The Syrian government's brutal crackdown of demonstrators reached a tipping point Wednesday as opposition forces began to wage increasingly sophisticated attacks against the military.
The Associated Press reports that army defectors killed eight soliders today in retaliation for a brazen attack on a civilan car in the central province of Hama, which killed the five passengers inside. Word of the ambush comes from Rami Abdul-Rahman, director of the Syrian Observatory for Human Rights, and other activists who say the gunmen ambushed four military jeeps in a barrage of bullets. "The ambush shows how the Syrian conflict is growing into an insurgency," reports the AP. "The uprising against President Bashar Assad was mostly peaceful when it began nine months ago." Abdul-Rahman says the area is a "stronghold of dissent where anti-regime protests are routinely held and where there are a number of (army) defectors."
The Guardian speaks with a medical supplier from Hama named Walde who expects an escalated government crackdown. "In the last few days they started to bring troop reinforcements and tanks around Hama and in Hama. We don't know exactly what's happening, but there are more forces coming," he said. He said the opposition movement couldn't be stamped out by the government and vowed that it would fight back. " I don't think the government will be successful. We feel in this area, in Homs and Hama, that all the people are opposing the government. They can't kill all the people."
The AP, in a separate story
, notes that the attacks follow a bloody confrontation Tuesday where government forces opened fired on thousands of Syrians participating in a funeral procession in the northern city of Idlib, "The flare-up of violence, near the Turkish border, is fresh evidence that the Syrian uprising is growing into a full insurgency," writes the news agency. "Military defectors known as the Free Syrian Army have been fighting back with increasingly sophisticated attacks, giving protesters hope of a fighting chance against Assad's fiercely loyal forces but also complicating an uprising that was once largely peaceful." Reuters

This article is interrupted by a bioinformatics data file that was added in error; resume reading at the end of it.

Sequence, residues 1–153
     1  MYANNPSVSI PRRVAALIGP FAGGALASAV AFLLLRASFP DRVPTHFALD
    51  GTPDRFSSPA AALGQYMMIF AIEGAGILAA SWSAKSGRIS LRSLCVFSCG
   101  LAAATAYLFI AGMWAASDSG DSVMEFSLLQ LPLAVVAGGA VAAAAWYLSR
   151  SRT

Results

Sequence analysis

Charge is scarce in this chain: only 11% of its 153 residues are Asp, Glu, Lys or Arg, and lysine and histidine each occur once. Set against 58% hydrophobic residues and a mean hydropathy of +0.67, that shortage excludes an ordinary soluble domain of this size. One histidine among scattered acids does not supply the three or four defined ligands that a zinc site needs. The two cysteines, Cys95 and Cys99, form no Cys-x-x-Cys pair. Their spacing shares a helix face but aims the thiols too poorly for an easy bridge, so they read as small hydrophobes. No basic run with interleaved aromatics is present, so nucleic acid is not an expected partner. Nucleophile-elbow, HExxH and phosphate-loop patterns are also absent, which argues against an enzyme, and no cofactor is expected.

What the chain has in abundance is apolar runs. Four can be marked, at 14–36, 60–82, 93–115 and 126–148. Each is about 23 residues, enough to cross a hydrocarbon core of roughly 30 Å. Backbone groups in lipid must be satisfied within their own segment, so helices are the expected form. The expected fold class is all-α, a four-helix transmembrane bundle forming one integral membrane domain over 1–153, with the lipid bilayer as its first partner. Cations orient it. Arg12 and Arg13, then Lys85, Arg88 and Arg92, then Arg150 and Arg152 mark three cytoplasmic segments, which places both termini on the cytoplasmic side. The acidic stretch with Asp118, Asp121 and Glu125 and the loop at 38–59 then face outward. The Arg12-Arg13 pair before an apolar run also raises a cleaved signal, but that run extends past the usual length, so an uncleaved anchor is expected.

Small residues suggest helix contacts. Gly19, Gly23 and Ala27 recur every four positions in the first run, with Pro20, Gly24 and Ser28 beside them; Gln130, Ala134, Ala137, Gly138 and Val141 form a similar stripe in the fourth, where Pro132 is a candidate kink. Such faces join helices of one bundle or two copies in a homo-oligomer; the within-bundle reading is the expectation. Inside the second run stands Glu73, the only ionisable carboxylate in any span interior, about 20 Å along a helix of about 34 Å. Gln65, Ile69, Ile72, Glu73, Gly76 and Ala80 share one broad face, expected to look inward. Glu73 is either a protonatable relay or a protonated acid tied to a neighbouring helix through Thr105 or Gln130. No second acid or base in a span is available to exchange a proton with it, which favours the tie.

reports that the country's growing armed insurgency has "fueled fears of civil war," noting that "The Syrian government says more than 1,100 members of the army, police and security services have been killed. State media give daily reports of military funerals as well as frequent clashes with armed groups and discoveries of explosives."
Though dozens of activists and journalists have been jailed since the protests against President Bashar Assad began nine months ago, the latest is Razan Ghazzawi, a U.S.-born Syrian blogger charged with trying to incite sectarian violence and spreading false information to weaken the regime. "The latter charge is is often levelled against those who challenge the regime, rights activists say. The charges could carry a prison sentence of up to 15 years."
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